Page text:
If you’re trying to break into the music industry, it can seem like an impossible task.
Whether you’re interviewing for getting signed as an artist, or you want to work inside the label as part of the industry, the basic principles are the same.
While it may be hard, it’s not impossible–as long as you follow some simple tips and best practices.
How do you ace your record label interview? Keep reading to find out!
Dress the Part
Just because the music industry is known for the wild styles of its artists, doesn’t mean you can show up in ripped jeans and an old t-shirt.
You may not need a full suit and tie or dress and tights, but you need to meet business casual standards or higher.
It’s always safer to overdress than underdress: you’ll look eager if you’re overdressed but clueless and sloppy if you underdress.
Business casual standards may include a polo shirt or a button-up shirt with no tie, clean slacks, and shoes that are neither sneakers nor work boots. It could also mean a solid-colored dress, or shirt/skirt combo, with either heels or dressy flats.
Don’t wear large swaths of wild patterns like paisley or Hawaiian prints, as that can appear unprofessional.
You don’t need to dress for a wedding, but please don’t look like you showed up to paint the house or go clubbing.
Once you see how everyone else dresses for their jobs, you can adjust your style accordingly.
And remember: this is not the time or place to show off your stage costume.
And while we’re on the subject of showing up, late is never fashionable.
Being late is the same as disrespecting someone else’s time.
In any business, people have plenty of things to do, and wasting their time doesn’t make them happy.
Be more than punctual--be early.
You never know if the appointment before yours will end early.
Wouldn’t you like to be the person that helped them get ahead of their schedule instead of behind?
If they feel less pressed for time during the interview, they may be more at ease and give you more consideration.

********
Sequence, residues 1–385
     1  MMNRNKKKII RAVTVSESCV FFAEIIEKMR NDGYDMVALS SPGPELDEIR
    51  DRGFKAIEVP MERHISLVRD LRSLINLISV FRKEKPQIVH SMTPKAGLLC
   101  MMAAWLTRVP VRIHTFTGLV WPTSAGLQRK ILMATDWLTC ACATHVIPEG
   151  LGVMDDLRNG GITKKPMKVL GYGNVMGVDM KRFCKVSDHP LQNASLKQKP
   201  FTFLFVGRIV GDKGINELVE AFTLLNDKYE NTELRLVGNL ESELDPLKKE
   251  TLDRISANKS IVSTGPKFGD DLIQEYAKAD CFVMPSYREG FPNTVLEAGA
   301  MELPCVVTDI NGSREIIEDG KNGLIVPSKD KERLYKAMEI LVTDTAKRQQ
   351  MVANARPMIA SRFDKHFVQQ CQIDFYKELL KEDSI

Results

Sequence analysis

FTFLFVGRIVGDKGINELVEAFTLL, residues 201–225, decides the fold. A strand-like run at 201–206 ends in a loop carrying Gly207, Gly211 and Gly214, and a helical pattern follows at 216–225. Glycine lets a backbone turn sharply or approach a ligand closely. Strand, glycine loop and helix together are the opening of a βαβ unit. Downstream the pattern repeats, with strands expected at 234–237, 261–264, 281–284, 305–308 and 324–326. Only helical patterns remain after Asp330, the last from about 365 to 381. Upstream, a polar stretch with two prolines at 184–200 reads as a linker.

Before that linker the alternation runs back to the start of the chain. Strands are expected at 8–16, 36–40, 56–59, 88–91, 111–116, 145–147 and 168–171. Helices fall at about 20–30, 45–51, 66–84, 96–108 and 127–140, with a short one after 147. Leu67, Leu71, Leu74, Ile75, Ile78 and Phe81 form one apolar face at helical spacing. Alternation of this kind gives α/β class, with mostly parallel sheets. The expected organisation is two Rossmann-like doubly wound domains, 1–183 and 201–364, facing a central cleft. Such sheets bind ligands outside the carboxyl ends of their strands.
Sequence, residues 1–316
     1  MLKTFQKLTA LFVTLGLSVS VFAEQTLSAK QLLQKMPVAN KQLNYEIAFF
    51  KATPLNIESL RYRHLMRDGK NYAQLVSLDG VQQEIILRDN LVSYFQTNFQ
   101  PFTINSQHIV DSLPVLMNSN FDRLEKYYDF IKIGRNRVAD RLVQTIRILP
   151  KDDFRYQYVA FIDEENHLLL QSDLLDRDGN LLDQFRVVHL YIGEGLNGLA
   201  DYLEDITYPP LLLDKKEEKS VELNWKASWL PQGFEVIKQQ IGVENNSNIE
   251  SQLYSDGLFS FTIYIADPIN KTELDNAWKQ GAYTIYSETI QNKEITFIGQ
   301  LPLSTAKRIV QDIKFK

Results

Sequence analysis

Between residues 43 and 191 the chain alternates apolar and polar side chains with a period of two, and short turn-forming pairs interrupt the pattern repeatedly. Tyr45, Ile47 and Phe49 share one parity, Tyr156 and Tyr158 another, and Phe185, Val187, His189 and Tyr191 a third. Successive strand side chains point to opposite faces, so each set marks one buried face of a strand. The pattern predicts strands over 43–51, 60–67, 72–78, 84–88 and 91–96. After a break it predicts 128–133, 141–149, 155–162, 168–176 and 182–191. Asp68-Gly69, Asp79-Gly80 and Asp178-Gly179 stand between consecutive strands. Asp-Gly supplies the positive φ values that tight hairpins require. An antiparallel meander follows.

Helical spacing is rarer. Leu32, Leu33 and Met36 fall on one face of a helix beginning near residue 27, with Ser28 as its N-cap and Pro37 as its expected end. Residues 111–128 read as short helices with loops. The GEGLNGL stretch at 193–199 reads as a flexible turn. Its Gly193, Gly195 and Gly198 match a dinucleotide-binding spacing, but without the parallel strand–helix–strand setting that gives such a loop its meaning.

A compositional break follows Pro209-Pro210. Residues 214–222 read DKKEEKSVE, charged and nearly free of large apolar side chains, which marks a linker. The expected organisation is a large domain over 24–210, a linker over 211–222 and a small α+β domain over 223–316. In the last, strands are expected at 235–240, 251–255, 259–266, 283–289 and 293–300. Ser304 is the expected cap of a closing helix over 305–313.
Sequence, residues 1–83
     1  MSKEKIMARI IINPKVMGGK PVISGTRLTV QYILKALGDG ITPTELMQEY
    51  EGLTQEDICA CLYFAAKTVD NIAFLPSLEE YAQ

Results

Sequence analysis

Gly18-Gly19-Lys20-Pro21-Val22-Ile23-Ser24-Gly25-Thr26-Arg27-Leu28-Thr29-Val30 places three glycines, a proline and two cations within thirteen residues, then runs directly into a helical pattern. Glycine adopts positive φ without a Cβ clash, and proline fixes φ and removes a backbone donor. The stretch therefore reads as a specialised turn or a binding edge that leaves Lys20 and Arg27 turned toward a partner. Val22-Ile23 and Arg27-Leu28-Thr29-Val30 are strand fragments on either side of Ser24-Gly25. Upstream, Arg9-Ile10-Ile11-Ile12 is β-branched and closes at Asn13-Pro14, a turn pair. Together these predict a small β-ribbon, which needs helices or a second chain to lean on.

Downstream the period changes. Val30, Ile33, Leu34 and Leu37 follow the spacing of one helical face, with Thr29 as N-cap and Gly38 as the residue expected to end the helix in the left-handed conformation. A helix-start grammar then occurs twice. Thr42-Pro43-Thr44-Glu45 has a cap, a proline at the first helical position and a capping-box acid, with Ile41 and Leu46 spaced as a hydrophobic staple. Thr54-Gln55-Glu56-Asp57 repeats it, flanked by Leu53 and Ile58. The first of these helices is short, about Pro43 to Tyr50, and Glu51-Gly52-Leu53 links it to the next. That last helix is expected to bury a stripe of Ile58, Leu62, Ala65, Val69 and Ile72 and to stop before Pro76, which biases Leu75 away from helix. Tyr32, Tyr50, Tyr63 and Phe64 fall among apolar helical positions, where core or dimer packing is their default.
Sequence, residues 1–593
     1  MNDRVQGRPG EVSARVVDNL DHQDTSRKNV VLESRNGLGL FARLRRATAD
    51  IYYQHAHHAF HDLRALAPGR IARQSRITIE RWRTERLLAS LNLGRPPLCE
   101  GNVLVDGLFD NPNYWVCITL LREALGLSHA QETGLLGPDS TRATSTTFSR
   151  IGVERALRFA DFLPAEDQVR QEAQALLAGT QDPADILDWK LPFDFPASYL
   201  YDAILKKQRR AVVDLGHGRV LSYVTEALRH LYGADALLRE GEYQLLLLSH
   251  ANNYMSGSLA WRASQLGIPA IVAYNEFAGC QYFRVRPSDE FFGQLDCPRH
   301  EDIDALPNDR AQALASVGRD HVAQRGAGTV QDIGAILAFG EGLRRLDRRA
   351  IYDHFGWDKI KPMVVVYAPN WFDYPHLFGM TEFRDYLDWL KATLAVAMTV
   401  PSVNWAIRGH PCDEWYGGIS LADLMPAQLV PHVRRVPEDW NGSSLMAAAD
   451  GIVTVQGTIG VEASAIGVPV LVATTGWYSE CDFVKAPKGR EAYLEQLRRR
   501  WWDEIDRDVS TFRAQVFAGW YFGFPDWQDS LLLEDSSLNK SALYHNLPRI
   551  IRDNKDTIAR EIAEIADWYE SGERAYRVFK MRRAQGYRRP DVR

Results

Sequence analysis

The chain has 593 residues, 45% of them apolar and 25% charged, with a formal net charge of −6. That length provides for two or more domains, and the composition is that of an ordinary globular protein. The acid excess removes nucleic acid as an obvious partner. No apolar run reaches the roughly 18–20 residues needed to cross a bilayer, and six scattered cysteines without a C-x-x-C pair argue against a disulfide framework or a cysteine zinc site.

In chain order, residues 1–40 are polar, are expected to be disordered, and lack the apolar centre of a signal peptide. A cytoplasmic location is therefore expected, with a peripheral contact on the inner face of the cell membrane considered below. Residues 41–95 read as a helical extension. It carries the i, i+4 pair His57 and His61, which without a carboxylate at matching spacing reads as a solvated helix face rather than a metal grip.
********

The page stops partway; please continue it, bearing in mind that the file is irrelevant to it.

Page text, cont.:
Little things like dressing nice, being polite, and arriving early can set the tone for the entire interview.
Such positivity could make the difference between acceptance and rejection.
Remember, the world owes you nothing, and neither does the record label.
You’re there to trade your talents for their money.
Just like you, they want a good deal.
What are you offering? How will you help their company or add to their repertoire?
With this in mind, be confident, but not arrogant.
You have something of value to offer, and it’s fine to be proud of your achievements as long as you keep your bragging in check.
All of your communications, whether by phone, email, or in person, should reflect this professionalism.
If you are interviewing as a musician, have your press kit handy in printed form.
A hard copy demo CD is a great thing to have.
State your qualifications or music history plainly.
Don’t put yourself down to sound falsely humble, but don’t boast about your greatness, either.
Just be yourself, plain and simple. Be realistic.
Know what you have to offer and what you’re willing to accept in the way of compensation.
If you find that the position or the label is not for you, walk away.
But do so politely. Don’t burn any bridges, because you never know what the future holds.
Know Your Business
Do your research before walking into an interview.
Do an internet search for these questions, and make sure you know the answers:
- What genre does the label typically represent?
- What are some of their latest successes?
- What artists do they work with?
Don’t rattle off a list of memorized facts, but do become knowledgeable about the label you want to join.
Knowing about the industry you want to be a part of is a big plus.
Be enthusiastic. This is your passion, remember?
If it’s not, someone who wants the job more than you do, and shows it, will probably get it.
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